by Jonathan Clatworthy
from Signs of the Times No. 48 - Jan 2013

Modern Church has supported the ministry of women since the 1920s. We welcomed the decision in 1992 to permit women priests; the introduction of women bishops is now overdue. On 20th November 2012, however, the Church of England's General Synod failed to achieve sufficient majorities to proceed.

The current discriminatory situation damages the Church of England. The long-term effects  of an all-male hierarchy have skewed the Church's vision and priorities as important issues have been ignored. We need the insights and energies of women in our leadership.

In addition, the continuing discrimination is immoral. It is clear to British society  in general that the Church of England, far from being a moral authority calling the nation to higher standards, is now defending its own inferior standards in the face of widespread social disapproval. The longer this situation continues the lower it will deserve to sink in the public's estimation.

It is therefore important to hasten the introduction of women bishops as soon as possible.  It is clear from the diocesan votes (42 out of 44) that the Church as a whole is overwhelmingly  in favour.

Anticipating the possibility of defeat in General Synod, negotiators have spent many years discussing alternative types of compromise to satisfy opponents. While supporters wanted women to be bishops on the same terms as men, opponents sought to enshrine in law a permanent distinction so that women could only ever be second class bishops. It is now clear that all attempts at compromise have failed.

From the Government's point of view it would be entirely appropriate to disestablish  a church which refuses to comply with equal opportunities legislation. Many of our members  sincerely hope this does not happen, but it would be impossible to mount a credible defence of the present situation.

Modern Church has not rushed to the mass media with statements of our views, disappointed though we were with the recent General Synod vote. The reason is another belief, central to our ethos: that open debate, free from threats of expulsion, is essential to a healthy society. In this instance open debate, with due attention to contemporary context and openness to new insights, tends to favour equality for women; the opposition comes from people who believe divine revelation is unchanging. Nevertheless we do not see ourselves as a lobbying organisation.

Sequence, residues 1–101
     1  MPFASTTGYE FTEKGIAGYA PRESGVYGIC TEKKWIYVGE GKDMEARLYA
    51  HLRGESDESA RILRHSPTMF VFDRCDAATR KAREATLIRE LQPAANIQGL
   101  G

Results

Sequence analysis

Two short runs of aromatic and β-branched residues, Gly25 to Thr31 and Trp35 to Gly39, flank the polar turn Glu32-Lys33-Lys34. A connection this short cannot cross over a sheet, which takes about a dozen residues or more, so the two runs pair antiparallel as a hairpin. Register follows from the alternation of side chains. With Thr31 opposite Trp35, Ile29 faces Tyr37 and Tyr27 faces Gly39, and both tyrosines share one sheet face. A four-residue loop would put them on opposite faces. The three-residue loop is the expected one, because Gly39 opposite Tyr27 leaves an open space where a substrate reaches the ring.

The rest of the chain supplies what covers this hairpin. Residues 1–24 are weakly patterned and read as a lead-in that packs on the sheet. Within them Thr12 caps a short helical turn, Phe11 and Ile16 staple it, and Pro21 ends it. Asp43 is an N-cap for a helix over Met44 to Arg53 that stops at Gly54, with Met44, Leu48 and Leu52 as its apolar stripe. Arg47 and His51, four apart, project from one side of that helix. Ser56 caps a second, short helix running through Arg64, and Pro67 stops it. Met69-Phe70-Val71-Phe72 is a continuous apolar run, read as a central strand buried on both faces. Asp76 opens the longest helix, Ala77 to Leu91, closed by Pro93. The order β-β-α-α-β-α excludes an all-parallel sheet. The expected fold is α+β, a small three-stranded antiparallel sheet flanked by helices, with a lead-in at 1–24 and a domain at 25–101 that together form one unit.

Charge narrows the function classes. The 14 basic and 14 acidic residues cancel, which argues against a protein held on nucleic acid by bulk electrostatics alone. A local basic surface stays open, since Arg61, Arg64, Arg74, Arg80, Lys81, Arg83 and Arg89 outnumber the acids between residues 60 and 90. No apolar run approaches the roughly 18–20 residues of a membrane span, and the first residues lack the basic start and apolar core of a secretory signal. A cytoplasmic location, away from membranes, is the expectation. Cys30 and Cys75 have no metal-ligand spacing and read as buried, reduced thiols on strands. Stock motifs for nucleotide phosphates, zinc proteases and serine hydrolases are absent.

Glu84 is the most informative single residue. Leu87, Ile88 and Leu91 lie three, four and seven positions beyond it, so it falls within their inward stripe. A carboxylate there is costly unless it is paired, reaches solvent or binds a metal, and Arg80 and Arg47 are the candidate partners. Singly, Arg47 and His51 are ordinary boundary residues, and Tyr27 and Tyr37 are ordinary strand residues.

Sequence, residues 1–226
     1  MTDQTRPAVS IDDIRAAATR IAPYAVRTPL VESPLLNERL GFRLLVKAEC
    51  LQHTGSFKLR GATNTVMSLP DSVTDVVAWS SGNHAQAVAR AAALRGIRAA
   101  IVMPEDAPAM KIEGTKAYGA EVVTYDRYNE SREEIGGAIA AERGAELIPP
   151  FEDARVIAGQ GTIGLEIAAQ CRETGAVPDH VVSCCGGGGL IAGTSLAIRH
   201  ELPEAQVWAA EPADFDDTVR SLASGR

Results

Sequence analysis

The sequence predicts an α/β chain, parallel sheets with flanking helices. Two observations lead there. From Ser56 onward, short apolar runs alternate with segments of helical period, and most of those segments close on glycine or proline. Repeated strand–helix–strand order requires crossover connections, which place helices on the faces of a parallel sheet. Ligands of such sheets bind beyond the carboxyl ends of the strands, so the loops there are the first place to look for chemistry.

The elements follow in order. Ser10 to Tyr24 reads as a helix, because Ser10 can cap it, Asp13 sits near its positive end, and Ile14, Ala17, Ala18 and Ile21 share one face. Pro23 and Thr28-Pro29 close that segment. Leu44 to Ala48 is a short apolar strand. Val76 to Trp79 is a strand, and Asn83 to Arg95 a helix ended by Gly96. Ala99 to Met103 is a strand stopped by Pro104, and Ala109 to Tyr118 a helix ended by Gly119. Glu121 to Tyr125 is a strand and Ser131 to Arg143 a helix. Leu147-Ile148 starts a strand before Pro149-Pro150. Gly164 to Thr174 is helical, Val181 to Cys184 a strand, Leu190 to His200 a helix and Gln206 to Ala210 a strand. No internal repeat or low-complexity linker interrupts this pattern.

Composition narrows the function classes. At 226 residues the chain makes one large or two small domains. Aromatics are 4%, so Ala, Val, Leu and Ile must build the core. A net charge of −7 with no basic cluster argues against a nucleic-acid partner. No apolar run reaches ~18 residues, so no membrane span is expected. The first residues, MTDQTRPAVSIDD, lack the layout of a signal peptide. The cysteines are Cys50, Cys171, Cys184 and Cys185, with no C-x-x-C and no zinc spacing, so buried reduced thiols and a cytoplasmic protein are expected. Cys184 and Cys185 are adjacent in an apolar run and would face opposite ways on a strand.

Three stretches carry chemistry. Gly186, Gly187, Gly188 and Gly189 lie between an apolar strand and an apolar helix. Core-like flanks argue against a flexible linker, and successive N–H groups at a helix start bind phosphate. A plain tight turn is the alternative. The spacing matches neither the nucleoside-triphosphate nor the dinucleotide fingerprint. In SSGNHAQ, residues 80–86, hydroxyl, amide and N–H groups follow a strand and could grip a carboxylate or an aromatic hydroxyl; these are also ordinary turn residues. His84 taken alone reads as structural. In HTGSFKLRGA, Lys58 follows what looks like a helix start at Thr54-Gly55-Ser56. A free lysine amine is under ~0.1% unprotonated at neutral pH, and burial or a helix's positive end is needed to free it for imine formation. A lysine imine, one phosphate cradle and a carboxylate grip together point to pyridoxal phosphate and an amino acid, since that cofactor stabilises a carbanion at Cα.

This is why our contributions to the debate - in our printed publications  and on our website - are not formal Modern Church statements of belief. The trustees usually try to avoid making such formal statements. On this occasion we came quite close to it and this article is the product of discussions to that effect; but in principle opponents of women bishops are free to join us and discuss their views with us in what, we hope, will be an honest, respectful and challenging atmosphere.

Nevertheless the debates have dragged on for decades and the direction of travel is quite clear.  It is time for the Church's leadership to acknowledge that it has proved impossible to satisfy opponents without substantially altering the concept of episcopacy. What happened in November did not reflect a lack of consensus in the Church.

The consensus in favour of women bishops is there, but was blocked by a small minority who used the Synod voting system to prevent change. How to overcome this block is the question that now needs addressing; but whatever the means, we should now move forward with the introduction of women bishops on exactly the same terms as men.


Jonathan Clatworthy lives in Liverpool and is Modern Church General Secretary. He has worked as a parish priest, university chaplain and lecturer in Ethics.